4This book is in the Cummings Modular Program in Anthropology The Notion of Tribe assaults the generally held concept of "tribe" by attacking the notion of highly discrete political units in pre-state society. Although we are accustomed to think about the most ancient forms of human society in terms of tribes, firmly defined and bounded units of this sort actually grew out of the manipulation of relatively Editorial Board unstructured populations by more complexly organized societies. The invention of the state, a tight, class-structured political and economic PAUL T. BAKER organization, began a process whereby vaguely defined and grossly The Pennsylvania State University overlapping populations were provided with the minimal organization JOSEPH B. CASAGRANDE required for their manipulation, even though they had little or no University of Illinois, Urbana-Champaign internal organization of their own other than that based on conceptions KWANG-CHIH CHANG of kinship. The resultant form was that of the tribe. Yale University WARD H. GOODENOUGH This book presents comparative ethnological evidence to show that University of Pennsylvania EUGENE A. tribes, as conventionally conceived, are not closely bounded HAMMEL University of California, Berkeley populations in either territorial or demographic senses. They are not economically and politically integrated and display political Copyright 1975 by Cummings Publishing Company, Inc. Philippines organization under hierarchial leaders only as a result of contact with copyright 1975. already existing states, although such contact may be quite indirect. All rights reserved. No part of this publication may be reproduced, stored They are not either war or peace groups and rarely if ever show in a retrieval system, or transmitted, in any form or by any means, congruence with language communities or with religious communities. electronic, mechanical, photocopying, recording, or otherwise, without theprior written permission of the publisher. Printed in the United States of America. Published simultaneously in Canada. Library of Congress Catalog Card No. 75-5309 ISBN 0-8465-1548-2 ABCDEFGHIJKLAL-798765 Cummings Publishing Company, Inc. 2727 Sand Hill Road Menlo Park, California 94025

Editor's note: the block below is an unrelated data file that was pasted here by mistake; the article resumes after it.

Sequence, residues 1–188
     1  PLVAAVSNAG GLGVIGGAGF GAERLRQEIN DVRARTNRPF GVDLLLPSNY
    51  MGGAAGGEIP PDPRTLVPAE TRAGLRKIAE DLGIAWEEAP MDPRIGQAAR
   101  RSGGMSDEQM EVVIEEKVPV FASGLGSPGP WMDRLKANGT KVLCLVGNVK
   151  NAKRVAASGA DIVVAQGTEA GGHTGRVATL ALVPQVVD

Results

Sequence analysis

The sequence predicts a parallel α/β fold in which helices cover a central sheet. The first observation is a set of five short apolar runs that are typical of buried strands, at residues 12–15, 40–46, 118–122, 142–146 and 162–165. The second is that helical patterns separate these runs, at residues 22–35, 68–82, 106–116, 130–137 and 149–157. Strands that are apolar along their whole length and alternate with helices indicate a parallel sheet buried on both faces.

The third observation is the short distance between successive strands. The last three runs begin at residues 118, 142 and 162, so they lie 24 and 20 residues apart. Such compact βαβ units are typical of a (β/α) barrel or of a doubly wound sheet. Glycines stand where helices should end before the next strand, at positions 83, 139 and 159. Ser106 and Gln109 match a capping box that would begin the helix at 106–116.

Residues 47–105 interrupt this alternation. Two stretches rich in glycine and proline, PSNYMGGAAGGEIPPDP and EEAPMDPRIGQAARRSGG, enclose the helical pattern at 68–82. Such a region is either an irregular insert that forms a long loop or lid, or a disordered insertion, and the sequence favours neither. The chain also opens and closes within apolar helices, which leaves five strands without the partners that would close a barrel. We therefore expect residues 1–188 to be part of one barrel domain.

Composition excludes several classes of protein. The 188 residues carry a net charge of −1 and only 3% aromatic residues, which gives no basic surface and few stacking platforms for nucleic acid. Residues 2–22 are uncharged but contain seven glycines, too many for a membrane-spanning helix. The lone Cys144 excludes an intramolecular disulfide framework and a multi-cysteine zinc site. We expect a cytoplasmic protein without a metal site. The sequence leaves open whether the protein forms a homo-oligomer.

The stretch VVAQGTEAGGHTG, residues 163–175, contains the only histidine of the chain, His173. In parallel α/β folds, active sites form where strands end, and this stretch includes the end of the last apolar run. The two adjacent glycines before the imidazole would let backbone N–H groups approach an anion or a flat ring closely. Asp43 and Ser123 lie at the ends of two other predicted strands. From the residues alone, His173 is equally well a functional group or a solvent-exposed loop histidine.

Nothing is more quixotic than to attempt to change the meaning of a word firmly rooted in the lexicon. The intention of this assault is to sensitize the reader to a battery of preconceptions about the nature of pre-state society.